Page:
Cumberland Gap

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Cum·ber·land Gap

 (kŭm′bər-lənd)
A natural passage through the Cumberland Mts. near the junction of the Kentucky, Virginia, and Tennessee borders. It was used by Daniel Boone in 1775 as a strategic point along his Wilderness Road, the principal route of westward migration for the next half century.
American Heritage® Dictionary of the English Language, Fifth Edition. Copyright © 2016 by Houghton Mifflin Harcourt Publishing Company. Published by Houghton Mifflin Harcourt Publishing Company. All rights reserved.

Cum′berland Gap′


n.
a pass in the Cumberland Mountains at the junction of the Virginia, Kentucky, and Tennessee boundaries. 1315 ft. (401 m) high.
Random House Kernerman Webster's College Dictionary, © 2010 K Dictionaries Ltd. Copyright 2005, 1997, 1991 by Random House, Inc. All rights reserved.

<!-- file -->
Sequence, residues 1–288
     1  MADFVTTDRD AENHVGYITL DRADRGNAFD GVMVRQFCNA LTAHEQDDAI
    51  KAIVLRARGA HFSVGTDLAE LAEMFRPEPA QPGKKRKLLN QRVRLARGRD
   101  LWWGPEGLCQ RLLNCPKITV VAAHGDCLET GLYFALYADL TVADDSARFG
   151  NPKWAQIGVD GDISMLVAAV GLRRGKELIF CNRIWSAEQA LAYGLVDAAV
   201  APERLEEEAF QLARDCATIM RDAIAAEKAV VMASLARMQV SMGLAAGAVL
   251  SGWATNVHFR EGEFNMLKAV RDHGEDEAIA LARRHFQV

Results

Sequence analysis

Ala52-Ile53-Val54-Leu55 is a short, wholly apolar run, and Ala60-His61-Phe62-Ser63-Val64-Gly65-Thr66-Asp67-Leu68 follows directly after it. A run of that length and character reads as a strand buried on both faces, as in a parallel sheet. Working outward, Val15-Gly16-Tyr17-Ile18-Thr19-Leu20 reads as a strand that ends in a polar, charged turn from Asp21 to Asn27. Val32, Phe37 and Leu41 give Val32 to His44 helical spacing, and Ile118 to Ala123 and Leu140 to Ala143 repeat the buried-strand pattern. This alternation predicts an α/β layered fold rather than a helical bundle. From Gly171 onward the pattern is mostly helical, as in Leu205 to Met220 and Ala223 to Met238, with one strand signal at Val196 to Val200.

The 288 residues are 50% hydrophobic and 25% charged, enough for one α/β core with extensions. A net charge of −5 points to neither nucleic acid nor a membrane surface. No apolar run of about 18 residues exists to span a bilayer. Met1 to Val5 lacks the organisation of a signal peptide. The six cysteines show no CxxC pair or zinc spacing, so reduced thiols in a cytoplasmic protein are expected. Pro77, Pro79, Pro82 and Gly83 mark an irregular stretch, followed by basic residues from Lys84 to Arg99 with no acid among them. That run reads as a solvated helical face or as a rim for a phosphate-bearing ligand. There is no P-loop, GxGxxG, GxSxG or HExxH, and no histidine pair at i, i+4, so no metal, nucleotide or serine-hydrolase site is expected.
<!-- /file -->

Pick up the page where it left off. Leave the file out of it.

ThesaurusAntonymsRelated WordsSynonymsLegend:
Noun1.Cumberland Gap - a pass through the Cumberland Mountains between Virginia and Kentucky that early settlers used in order to move westCumberland Gap - a pass through the Cumberland Mountains between Virginia and Kentucky that early settlers used in order to move west
Cumberland Mountains, Cumberland Plateau - the southwestern part of the Appalachians
Based on WordNet 3.0, Farlex clipart collection. © 2003-2012 Princeton University, Farlex Inc.
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